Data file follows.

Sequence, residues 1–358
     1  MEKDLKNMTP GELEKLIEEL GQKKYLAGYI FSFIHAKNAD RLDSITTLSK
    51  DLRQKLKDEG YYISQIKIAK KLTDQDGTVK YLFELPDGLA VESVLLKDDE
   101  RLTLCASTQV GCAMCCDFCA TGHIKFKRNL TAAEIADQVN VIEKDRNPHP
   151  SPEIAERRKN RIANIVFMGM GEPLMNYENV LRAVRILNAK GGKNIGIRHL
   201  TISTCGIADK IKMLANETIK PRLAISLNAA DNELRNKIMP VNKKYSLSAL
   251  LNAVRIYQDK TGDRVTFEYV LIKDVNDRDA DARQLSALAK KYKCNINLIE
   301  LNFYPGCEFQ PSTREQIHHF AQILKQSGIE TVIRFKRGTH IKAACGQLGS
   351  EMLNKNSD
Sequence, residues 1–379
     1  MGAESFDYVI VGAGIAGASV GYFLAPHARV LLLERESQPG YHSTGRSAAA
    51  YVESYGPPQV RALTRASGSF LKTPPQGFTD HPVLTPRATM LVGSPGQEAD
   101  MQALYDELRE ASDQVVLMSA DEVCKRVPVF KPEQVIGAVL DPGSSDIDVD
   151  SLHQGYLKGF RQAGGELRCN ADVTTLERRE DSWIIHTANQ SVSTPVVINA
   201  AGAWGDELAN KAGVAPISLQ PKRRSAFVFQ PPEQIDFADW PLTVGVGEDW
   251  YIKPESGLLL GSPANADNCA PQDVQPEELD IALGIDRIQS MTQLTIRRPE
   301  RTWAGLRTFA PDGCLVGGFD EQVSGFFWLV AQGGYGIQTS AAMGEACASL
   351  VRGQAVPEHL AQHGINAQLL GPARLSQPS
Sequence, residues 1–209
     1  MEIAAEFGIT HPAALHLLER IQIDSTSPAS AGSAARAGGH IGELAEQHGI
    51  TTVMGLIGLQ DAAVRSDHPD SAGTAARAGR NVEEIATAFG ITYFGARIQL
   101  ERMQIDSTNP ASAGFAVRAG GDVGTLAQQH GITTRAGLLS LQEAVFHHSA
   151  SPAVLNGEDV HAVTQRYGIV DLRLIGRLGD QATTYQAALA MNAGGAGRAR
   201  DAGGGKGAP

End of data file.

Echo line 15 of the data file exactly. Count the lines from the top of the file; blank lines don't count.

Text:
   201  AGAWGDELAN KAGVAPISLQ PKRRSAFVFQ PPEQIDFADW PLTVGVGEDW